New Online: Civil War and Persian Gulf Stories, National Recording Registry

(The following is a guest post by William Kellum, manager in the Library’s Web Services Division.) The Manuscript Division has added two collections to its growing list of Civil War materials now available online. The papers of army officer Philip Henry Sheridan (1831-1888) span the years 1853-1896, although the majority of the material dates from […]

Pic of the Week: Ask Us Anything on Rosa Parks

Library experts involved in making the papers of Rosa Parks available online answered questions in a Reddit “Ask Me Anything” (AMA) session on Tuesday. During the Reddit AMA, experts from the Library of Congress Manuscripts Division, the Prints and Photographs Division and Educational Outreach took questions about Rosa Parks and about how the Library cataloged, preserved, digitized, and […]

10 Stories: April Fool! Chronicling America

In celebration of the release of the 10 millionth page of Chronicling America, our free, online searchable database of historical U.S. newspapers, our reference librarians have selected some interesting subjects and articles from the archives. We’ve been sharing them in a series of Throwback Thursday #TBT blog posts — one day late today, due to […]

Easter Week Illuminations

(The following is a guest post by Levon Avdoyan, Armenian and Georgian area specialist in the African and Middle Eastern Division.) The feast of Easter is arguably the holiest of holidays for the various Christian denominations but especially for the Eastern Churches – among those, the Armenian Church. For it, Easter Week (Avag Shabat, the […]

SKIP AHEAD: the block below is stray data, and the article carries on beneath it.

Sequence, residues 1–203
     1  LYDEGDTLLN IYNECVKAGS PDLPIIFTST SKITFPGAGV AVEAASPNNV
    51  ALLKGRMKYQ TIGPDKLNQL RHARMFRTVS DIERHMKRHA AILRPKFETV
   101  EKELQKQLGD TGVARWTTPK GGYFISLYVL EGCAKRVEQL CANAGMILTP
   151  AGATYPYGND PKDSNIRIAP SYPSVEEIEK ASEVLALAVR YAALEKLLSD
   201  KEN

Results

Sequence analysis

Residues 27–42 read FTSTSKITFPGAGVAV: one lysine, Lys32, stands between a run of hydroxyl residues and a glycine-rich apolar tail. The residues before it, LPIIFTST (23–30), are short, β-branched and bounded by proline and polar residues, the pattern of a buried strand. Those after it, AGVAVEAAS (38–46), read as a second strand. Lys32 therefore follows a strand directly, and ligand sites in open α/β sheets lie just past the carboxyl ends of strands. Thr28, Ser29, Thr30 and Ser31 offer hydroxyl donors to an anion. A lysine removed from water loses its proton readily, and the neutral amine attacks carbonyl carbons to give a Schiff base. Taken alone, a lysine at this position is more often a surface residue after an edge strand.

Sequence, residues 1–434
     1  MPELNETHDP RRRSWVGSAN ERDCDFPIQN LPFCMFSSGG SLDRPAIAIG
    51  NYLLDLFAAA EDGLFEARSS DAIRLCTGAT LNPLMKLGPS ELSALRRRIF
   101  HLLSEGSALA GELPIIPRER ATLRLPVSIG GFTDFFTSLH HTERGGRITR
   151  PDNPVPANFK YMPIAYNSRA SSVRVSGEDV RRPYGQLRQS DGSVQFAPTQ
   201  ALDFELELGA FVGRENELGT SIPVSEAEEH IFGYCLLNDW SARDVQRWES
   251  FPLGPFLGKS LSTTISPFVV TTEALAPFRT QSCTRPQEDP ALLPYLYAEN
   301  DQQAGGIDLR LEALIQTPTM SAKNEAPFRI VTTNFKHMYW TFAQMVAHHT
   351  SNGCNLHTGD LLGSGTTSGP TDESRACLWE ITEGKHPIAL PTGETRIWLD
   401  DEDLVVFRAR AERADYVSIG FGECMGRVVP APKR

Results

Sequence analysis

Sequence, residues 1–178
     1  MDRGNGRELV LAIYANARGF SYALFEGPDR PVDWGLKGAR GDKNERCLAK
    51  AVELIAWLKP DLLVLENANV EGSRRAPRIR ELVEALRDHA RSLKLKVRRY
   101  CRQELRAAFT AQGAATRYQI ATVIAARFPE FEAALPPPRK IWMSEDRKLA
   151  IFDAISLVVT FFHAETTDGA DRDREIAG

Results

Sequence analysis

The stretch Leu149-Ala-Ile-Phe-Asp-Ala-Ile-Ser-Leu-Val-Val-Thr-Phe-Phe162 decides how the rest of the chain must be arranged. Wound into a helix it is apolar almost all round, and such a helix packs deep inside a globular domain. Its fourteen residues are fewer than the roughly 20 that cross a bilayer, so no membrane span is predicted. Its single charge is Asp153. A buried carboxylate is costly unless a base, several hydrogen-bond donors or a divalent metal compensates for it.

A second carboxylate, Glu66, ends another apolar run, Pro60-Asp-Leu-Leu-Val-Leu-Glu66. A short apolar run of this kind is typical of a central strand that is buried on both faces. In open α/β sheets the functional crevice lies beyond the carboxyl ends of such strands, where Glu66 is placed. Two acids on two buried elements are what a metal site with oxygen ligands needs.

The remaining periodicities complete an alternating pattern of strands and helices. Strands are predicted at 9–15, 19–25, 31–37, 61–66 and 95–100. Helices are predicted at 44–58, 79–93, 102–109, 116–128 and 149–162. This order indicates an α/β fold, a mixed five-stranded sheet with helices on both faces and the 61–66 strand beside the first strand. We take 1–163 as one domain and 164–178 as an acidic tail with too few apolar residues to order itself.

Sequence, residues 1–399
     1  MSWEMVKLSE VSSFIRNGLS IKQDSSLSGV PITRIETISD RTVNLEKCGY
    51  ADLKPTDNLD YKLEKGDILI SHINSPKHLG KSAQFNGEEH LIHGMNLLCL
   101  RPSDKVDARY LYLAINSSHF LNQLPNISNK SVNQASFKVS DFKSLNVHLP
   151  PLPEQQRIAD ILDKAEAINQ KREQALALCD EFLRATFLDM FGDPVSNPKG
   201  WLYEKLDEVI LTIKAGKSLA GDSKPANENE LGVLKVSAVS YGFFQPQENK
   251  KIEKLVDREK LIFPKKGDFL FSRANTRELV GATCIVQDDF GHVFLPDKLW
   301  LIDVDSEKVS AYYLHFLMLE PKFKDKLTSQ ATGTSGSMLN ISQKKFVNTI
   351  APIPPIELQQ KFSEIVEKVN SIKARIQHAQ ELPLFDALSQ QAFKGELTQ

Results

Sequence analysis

Pic of the Week: It’s Bloomin’ Time

This week marks the beginning of the National Cherry Blossom Festival, an annual event held in Washington, D.C. to commemorate the gift of some 3,000 Yoshino cherry trees given to the city in 1912 as a symbol of friendship between Japan and the United States. The grounds of the Library of Congress Thomas Jefferson Building are home […]

Congas, Sambas and Falling Plaster

I was 15 years old, sitting cross-legged next to my friend Mascha on a cork-tile floor at Mammoth Gardens, a roller-skating rink built in 1910. Plaster, occasionally, was falling from the ceiling – because the band on the stage that night was the drum-heavy Santana, which had just released its 1970 album “Abraxas.” That’s the […]

Ask Us Anything: Reddit AMA on Rosa Parks Papers 3/29

(The following is a guest post by Information Technology Specialist Michelle Rago.) Library experts involved in making the papers of Rosa Parks available online will answer your questions in a Reddit “Ask Me Anything” (AMA) session beginning at 9 a.m. (ET) on March 29, 2016. Join us on the AskHistorians subreddit. The collection contains some 7,500 […]

Happy 265th James Madison!

James Madison is known as the Father of the Constitution because of his pivotal role in the document’s drafting as well as its ratification. Madison also drafted the first 10 amendments — the Bill of Rights. When the federal Constitution was approved by the states and went into effect in 1789, the absence of a […]

A Gorey Story

The work of Edward Gorey has often been described as “macabre,” a word that his friend Alexander Theroux claims the noted author and artist didn’t like. While I would agree that it’s an appropriate word, Gorey’s drawings are something more – odd, whimsical, humorous, magical, mysterious, gloomy, eccentric – all rolled up in delightful pen-and-ink […]